One of life’s great simple pleasures is (for me, anyway) sitting on the truck tailgate on a crisp fall or winter day out in the field, with the dogs at my feet, sipping a hot cup of coffee or tea after a morning’s hunt, idly ruminating on Life, The Universe, and Everything. That’s the bucolic, highly idealized Corey Ford version, anyway. The reality is, I live in Oklahoma (you know, where the wind comes sweeping down the plains) and usually the wind isn’t merely sweeping, it’s howling. Which makes preparing my coveted hot beverage a frustrating proposition.
A Thermos just doesn’t keep water hot enough for my little French press to work effectively, so what I’ve done in the past is take a little single-burner propane stove and a small teakettle with me on bird-hunting trips. This works fine when the wind is down, but the wind is rarely down in my part of the world. The slightest breeze renders my stove, even with the windshield, not very effective.
In addition to wind trouble, space is now at a premium for me. I’ve largely parked my gas-guzzling 4×4 truck and started doing most of my hunting out of my wife’s old Subaru Forester. Having to tote along a stove, a propane cylinder, a kettle and a French press in addition to the dog crates, hunting gear and everything else, makes things a bit cramped. So I started looking around for alternatives last season. And when I’m researching effective, minimalist camping or trekking equipment, the first place I look is on the various bushcraft websites, bulletin boards and forums. That’s how I stumbled across the Kelly Kettle, a European import originally used by Irish fishermen, gamekeepers and herders to quickly boil water for tea and cooking.
It is often called a “volcano” kettle. Why “volcano”? Because that’s basically what it is: A double-walled kettle with a big, open hole in the middle in which you start a small fire. Due to the kettle’s extremely large surface area, the water heats up very quickly. And the fire is protected from the wind, thanks to the kettle walls surrounding it (a biggie for me). In fact, the fire burns hotter as it gets windier because the kettle’s stand acts like a bellow that draws air into the fire chamber.
On paper, it sounded perfect for me. I could get rid of the teakettle because this thing holds water. I could get rid of the stove and the bulky propane cylinder because it works with grass, twigs, bark or pretty much any other combustible material you’re likely to find out in the field. Plus, it is allegedly windproof.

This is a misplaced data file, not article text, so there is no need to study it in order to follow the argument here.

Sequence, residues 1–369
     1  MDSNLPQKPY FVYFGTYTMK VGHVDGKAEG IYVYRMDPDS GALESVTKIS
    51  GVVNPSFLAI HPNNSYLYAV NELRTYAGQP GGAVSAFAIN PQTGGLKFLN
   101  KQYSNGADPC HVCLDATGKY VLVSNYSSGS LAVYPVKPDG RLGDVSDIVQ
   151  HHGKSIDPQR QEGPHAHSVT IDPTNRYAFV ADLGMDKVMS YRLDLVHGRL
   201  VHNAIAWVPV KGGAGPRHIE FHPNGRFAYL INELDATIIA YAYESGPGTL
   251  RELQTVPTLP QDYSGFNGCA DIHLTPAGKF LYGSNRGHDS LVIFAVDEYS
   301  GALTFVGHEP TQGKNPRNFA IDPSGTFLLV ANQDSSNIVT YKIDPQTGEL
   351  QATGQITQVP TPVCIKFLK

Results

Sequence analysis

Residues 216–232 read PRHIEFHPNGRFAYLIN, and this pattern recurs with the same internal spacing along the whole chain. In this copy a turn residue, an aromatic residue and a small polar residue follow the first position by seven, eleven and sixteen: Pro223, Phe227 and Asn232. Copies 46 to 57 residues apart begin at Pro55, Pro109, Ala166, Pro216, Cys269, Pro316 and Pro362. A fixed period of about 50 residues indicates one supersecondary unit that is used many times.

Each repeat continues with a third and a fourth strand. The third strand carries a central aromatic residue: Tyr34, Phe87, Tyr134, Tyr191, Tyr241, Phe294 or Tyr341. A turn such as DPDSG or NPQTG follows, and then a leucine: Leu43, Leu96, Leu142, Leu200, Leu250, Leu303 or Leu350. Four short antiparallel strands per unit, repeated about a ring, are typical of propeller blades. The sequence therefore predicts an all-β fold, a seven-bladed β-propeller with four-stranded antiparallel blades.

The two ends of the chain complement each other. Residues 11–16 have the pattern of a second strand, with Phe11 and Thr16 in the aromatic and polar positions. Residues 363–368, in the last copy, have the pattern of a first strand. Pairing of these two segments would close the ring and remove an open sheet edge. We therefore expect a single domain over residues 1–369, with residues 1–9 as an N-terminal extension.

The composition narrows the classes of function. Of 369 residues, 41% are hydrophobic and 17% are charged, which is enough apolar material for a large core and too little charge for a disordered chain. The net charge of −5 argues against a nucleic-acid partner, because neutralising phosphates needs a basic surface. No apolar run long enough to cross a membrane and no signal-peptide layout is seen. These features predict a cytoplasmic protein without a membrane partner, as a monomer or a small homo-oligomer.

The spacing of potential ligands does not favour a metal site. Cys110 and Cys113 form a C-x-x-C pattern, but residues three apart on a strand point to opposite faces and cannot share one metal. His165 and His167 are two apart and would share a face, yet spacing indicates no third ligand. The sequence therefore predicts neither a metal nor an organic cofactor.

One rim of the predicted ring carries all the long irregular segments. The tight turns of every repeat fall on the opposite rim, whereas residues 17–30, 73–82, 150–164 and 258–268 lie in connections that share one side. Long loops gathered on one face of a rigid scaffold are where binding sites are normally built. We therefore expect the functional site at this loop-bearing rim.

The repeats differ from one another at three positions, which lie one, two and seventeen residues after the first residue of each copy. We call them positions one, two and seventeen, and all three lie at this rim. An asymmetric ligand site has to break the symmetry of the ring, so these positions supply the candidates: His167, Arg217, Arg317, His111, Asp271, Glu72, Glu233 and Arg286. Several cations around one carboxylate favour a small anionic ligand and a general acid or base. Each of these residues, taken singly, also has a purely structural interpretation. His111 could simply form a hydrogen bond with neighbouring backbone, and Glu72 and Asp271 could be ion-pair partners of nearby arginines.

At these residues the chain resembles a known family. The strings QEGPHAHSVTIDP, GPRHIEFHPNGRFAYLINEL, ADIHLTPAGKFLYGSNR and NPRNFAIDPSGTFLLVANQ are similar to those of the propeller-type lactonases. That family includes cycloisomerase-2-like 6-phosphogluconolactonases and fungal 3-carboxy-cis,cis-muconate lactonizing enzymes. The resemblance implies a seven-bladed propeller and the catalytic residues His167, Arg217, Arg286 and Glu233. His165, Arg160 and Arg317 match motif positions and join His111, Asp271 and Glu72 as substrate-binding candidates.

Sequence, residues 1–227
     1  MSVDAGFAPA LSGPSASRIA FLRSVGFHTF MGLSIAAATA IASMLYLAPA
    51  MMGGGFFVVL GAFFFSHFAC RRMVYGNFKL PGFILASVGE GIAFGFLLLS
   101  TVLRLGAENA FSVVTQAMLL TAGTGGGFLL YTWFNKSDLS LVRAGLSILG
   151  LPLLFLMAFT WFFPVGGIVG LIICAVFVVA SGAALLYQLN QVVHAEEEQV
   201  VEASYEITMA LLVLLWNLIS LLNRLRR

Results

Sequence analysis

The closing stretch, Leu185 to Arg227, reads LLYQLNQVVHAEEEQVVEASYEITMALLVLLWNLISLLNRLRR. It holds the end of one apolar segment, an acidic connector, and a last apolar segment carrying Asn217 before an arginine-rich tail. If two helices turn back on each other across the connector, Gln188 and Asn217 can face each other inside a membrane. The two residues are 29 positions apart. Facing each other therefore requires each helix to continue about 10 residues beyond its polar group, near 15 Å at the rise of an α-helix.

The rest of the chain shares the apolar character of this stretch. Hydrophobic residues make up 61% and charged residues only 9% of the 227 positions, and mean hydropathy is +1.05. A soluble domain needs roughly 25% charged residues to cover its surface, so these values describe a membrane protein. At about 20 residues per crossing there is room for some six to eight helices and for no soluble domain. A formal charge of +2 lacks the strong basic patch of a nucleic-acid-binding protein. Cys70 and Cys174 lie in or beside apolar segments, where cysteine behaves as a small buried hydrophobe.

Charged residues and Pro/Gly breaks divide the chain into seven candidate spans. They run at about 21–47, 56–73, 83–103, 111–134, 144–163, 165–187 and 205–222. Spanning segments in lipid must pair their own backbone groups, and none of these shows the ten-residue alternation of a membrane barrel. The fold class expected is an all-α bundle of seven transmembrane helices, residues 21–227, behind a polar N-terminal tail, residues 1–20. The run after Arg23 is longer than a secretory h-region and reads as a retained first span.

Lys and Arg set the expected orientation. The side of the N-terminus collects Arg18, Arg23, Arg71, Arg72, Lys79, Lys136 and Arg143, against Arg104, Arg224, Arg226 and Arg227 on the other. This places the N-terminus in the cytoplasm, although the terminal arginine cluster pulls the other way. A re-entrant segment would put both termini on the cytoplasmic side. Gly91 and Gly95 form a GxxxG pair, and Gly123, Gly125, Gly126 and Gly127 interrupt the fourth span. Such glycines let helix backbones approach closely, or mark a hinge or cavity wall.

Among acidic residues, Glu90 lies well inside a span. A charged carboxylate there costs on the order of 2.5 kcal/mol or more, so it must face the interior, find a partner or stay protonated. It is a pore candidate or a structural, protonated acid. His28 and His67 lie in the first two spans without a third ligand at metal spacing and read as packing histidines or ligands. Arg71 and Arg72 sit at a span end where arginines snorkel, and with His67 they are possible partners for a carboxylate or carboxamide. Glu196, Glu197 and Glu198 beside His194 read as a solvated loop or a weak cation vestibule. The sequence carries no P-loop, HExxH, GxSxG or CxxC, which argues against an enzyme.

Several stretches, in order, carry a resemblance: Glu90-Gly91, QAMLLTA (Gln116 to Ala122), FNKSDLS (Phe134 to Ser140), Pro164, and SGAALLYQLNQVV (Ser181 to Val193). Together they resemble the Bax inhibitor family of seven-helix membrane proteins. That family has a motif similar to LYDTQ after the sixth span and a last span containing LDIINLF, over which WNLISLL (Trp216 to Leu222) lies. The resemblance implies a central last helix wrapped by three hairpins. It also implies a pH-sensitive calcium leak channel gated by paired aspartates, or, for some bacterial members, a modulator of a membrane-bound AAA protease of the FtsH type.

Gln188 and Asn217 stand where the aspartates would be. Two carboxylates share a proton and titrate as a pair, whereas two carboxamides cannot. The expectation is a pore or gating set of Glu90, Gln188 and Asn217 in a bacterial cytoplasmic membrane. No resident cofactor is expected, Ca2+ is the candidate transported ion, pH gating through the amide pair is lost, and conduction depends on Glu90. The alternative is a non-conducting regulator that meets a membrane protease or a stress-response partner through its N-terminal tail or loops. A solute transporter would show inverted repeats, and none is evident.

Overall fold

After a field test, I have to say that it works brilliantly.
I was scheduled to go quail hunting on the day I received my Kelly Kettle, but had to cancel because the weather was so bad. Temps were plunging, the wind was screaming and snow was starting to fall. What better time to try it out, right? So I immediately took it into the backyard, poured some water in it, scrounged a few twigs from the ground, lit the fire and waited. I didn’t have to wait long. In fact, I was, quite frankly, shocked at how quickly this thing boils water with such little fuel.
I dropped a few more twigs down the chimney and had the water boiling within a couple minutes — three at the most. Really boiling. All this during a bitterly cold, strong and gusty wind: The kind that would have been quite impossible to keep my cheap little propane jobber lit, much less heat water.
The next week, I took the Kelly Kettle and my French press to a quail hunt at a local WMA. The weather was sunny, but with that ever-present stiff breeze. I scrounged some tufts of grass and a few dry twigs from the parking area, lit the fire, and within a few minutes, was enjoying a nice cup of coffee out in the field with the dogs instead of choking down a Styrofoam cup of battery acid in some convenience store parking lot. That, however, was the only hunt I got to take my Kelly Kettle on. The season ended a couple days later. I’ve made backyard tea and coffee several times since then, and the Kelly Kettle has performed flawlessly every time on just a handful of twigs.
Are there downsides? A few. One, it’s relatively expensive compared to the fuel stove/tea kettle route. Prices range from $59.95, for the aluminum “Trekker” model that holds 17 ounces of water all the way, to $84.99, for the stainless steel base camp model that holds 50 ounces of water (stainless models are a bit pricier). Will I ultimately save money by not having to buy propane cylinders? We’ll see. Two, the large base camp size is a bit bulky (but still not as bulky as the stove, cylinder and teakettle it replaced). I got the base camp, and I’d probably opt for the medium-sized “Scout” model if I had it to do over again. Finally, the fire base and the inside chamber of the kettle itself will get messy and sooty, and will pretty much stay that way. The kettle comes with its own bag, and I just keep it in the bag when not in use.
Those are, however, very minor nits, especially when compared to how much better the kettle performs in the wind than did my old set-up. The Kelly Kettle will definitely become a permanent part of my kit come next fall. For the particulars, you can check out the Kelly Kettle USA website and videos on YouTube.